Wednesday, October 15, 2008

Anyone remember this old lady?

Tamizh is a language that claims a history going back to over two millenia. In the course of those years, it has obviously morphed several times, to keep pace with changing tastes and times. The last such major change implemented on the script was sometime in the late 1970s - I seem to remember it as being necessitated by a redesign of the keys on a Tamizh typewriter. To an extent, it is understandable that the script I studied in primary school is not the same that kids these days study.

There is something else which is not that easily understandable. In fact, accepting it as understandable is equivalent of smashing a much loved and very necessary monument. One of the earliest Tamizh lessons in kindergarten was a kind of sing-song way of memorising the alphabet. Called aathichuvadi, its first part not only taught kids the Tamizh vowels, but also had each of the 12 vowels fashioned into a one-line homily about how to lead a virtuous life. This aathichuvadi was written by a lady named Avvaiyar; the statue indicates she lived in the 1st century CE, while some folks claim there were more than one lady poet named Avvaiyar and the most recent one lived in the 13the century CE. Even taking the most recent date, the aathichuvadi has been a part of Tamizh teaching over the last 700 years.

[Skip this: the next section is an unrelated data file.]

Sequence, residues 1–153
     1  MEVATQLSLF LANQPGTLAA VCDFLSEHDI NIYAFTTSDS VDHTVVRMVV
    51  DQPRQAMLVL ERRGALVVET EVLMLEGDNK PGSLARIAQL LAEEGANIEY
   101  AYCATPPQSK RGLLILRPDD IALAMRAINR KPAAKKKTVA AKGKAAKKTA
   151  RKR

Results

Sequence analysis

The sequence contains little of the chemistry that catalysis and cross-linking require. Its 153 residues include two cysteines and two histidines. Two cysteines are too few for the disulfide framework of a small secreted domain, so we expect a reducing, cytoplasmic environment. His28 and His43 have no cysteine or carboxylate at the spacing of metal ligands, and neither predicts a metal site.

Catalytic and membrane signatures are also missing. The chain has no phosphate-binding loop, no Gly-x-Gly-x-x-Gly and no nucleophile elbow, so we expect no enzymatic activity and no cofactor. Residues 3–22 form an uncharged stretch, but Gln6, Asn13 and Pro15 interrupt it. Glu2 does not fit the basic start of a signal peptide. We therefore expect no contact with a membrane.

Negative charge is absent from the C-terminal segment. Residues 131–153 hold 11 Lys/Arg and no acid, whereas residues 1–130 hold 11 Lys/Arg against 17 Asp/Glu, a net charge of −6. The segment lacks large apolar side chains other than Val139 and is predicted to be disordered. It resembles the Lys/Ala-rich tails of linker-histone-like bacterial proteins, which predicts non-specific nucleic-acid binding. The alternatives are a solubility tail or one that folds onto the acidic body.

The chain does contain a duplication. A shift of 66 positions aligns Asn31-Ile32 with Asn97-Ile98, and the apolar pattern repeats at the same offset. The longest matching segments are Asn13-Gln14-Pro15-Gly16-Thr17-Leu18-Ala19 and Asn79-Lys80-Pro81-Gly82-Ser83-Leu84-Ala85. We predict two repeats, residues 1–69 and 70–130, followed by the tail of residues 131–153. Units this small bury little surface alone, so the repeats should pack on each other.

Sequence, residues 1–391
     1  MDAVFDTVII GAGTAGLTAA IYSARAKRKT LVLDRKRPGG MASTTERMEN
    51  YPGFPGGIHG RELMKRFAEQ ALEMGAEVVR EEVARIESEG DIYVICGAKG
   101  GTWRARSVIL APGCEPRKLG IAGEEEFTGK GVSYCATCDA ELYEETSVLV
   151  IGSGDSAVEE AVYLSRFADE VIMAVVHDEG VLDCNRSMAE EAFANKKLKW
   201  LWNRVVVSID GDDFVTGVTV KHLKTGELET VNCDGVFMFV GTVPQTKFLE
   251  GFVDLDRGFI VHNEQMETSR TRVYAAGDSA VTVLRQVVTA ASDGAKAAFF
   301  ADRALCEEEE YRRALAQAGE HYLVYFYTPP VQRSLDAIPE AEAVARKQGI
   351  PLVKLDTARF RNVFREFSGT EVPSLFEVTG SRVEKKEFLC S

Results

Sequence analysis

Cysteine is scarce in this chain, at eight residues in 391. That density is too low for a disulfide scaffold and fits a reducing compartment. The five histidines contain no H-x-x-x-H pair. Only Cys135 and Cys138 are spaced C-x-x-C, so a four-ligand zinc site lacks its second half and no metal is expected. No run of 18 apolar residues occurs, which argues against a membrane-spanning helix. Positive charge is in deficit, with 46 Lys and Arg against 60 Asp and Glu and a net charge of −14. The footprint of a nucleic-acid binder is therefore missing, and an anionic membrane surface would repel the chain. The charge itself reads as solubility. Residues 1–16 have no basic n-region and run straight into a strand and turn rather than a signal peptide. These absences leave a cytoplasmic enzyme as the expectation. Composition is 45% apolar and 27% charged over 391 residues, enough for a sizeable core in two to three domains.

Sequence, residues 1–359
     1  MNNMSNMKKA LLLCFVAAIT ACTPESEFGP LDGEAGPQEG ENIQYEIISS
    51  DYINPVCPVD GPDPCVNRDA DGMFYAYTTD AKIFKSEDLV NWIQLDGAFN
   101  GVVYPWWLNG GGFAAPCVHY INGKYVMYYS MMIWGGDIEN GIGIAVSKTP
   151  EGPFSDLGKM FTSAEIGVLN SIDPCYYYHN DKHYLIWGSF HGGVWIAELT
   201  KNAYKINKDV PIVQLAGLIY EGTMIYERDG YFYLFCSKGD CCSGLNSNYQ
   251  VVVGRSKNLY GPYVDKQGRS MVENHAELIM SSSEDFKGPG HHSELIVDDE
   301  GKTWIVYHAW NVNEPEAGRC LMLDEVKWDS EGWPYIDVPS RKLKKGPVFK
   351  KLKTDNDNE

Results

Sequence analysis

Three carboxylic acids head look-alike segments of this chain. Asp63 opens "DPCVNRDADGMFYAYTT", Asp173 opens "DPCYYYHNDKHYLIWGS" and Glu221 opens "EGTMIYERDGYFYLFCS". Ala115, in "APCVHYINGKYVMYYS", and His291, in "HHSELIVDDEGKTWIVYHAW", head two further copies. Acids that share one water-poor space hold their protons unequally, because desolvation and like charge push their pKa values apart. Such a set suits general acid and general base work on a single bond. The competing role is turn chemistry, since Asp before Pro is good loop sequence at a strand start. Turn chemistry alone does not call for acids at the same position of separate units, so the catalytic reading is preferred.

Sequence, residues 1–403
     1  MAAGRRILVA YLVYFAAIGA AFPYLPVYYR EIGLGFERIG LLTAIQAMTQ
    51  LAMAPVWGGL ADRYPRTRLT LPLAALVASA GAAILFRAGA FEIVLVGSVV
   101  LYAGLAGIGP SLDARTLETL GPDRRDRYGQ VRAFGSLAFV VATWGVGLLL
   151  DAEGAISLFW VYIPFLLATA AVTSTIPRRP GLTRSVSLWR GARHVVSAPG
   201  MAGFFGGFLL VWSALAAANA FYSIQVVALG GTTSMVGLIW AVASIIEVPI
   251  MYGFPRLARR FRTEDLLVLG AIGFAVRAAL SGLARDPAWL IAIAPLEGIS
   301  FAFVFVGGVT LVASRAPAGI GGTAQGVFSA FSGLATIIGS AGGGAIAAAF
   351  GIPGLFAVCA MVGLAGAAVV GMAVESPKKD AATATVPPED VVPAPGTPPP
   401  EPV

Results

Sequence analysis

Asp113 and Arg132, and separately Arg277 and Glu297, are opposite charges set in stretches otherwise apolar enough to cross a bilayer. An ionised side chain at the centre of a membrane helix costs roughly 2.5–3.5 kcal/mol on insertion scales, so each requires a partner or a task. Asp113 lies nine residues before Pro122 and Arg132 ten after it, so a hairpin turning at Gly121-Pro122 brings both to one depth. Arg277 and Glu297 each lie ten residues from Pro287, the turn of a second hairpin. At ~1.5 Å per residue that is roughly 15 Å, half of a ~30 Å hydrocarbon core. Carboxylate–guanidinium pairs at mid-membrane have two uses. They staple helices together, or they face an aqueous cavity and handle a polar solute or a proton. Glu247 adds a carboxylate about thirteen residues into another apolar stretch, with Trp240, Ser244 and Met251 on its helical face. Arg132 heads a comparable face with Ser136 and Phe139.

But sometime over the last 30-odd years, the aathichuvadi seems to have slipped out of the Tamizh text book and thus out of the minds of young people - that's the power of change, to be able to obliterate 700 years of constancy within a generation-and-a-half!


LVISS said...

Thanks for reminding our Athichudi Aramcheyya virumbu, AAruvathu sinam, Iyalvadhu karavel and so on.It was recited with a musical tone.

Shantaram said...

>> Ravindran>> And the sing-song made sure it sticks with you for quite a while!